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Chris Christie Embraces Bipartisan Cooperation: ‘It’s Hard To Hate Up Close’

Gov. Chris Christie embraced his softer side in New Jersey yesterday after a girl scout asked him during a town hall meeting about a potential run for president.

When asked about what he would change about Washington D.C., Christie pointed out that the some of the partisan problems in the nation’s capital could be solved with a little cordial outreach.

“It’s harder to hate up close,” Christie said, alluding to a quote from his former boss, Deputy U.S. Attorney General James Comey.

“I think in Washington what’s happened is everybody goes to their separate corners. They don’t talk to each other anymore, they don’t deal with each other anymore on a regular basis. They don’t get to know each other,” Christie continued. “And so then if you have differences of opinion it’s much harder to hate if you don’t know the person.”

What had to change in Washington, he explained, was a little more courteous social interaction between members of both parties.

“I think in Washington there’s too much anger right now,” he said. “Too much talking at each other rather than with each other.”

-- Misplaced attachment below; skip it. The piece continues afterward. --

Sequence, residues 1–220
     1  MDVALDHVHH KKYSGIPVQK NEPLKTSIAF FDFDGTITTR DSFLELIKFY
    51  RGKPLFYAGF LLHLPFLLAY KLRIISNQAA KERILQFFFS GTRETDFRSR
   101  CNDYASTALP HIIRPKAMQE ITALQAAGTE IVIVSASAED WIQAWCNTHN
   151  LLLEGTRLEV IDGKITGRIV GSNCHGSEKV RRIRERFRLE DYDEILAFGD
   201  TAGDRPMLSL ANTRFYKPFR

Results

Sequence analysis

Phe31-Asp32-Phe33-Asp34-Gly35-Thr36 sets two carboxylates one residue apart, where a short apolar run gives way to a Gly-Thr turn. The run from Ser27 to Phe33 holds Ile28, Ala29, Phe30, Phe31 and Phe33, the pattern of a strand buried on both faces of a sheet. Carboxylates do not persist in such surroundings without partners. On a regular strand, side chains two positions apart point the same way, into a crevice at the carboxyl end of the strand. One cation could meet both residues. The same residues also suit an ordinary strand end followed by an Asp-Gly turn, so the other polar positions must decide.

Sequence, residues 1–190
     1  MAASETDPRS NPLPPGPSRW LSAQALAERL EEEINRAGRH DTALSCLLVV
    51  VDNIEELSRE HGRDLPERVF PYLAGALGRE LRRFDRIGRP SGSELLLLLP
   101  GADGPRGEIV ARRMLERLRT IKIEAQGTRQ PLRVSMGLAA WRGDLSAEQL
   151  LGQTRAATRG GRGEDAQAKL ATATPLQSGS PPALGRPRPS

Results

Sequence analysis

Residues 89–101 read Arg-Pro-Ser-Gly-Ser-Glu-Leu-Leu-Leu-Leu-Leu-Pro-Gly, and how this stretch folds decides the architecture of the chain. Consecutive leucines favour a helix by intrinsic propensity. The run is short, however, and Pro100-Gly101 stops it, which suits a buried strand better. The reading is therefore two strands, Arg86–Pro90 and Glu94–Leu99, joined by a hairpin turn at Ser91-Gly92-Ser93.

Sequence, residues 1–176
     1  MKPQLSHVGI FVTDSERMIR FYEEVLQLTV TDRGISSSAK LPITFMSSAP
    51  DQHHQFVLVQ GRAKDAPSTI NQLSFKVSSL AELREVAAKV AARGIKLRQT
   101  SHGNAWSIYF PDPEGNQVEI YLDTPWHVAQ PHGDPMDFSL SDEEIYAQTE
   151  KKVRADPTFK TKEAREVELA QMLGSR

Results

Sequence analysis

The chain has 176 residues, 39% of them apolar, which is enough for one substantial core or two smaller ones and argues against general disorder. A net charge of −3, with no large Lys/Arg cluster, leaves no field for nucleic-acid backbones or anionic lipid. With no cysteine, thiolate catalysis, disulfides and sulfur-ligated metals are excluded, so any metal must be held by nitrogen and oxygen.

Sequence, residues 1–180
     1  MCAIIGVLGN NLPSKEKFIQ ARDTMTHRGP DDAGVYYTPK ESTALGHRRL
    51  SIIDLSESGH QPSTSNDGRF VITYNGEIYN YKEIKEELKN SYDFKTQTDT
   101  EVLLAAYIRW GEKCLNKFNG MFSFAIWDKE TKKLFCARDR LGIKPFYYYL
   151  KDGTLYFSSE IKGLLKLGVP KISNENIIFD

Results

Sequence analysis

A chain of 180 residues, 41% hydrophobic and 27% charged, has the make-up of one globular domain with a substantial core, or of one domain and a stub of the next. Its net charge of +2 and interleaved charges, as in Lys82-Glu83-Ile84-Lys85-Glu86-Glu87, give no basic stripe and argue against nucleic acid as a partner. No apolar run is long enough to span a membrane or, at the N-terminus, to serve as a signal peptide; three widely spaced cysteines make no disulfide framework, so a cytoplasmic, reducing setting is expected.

Developing close relationships in Washington, he argued, would actually be fruitful especially after developing a feeling of trust between leaders.

“You can trust someone who you don’t particularly want to go out to dinner with but you can trust them because if they give you their word and they keep their word, they’re trustworthy,” he said. “So, I think of the all of things that I would change in Washington that would help to make the country be governed better, I think that’d be the first thing you’d have to work on.”

Christie added that any decision to run for president was “a long way off” but he would continue to work across the aisle in New Jersey. In previous conversations with voters, Christie has hinted that any announcement about his political intentions in 2016 would come in late Spring or early Summer.

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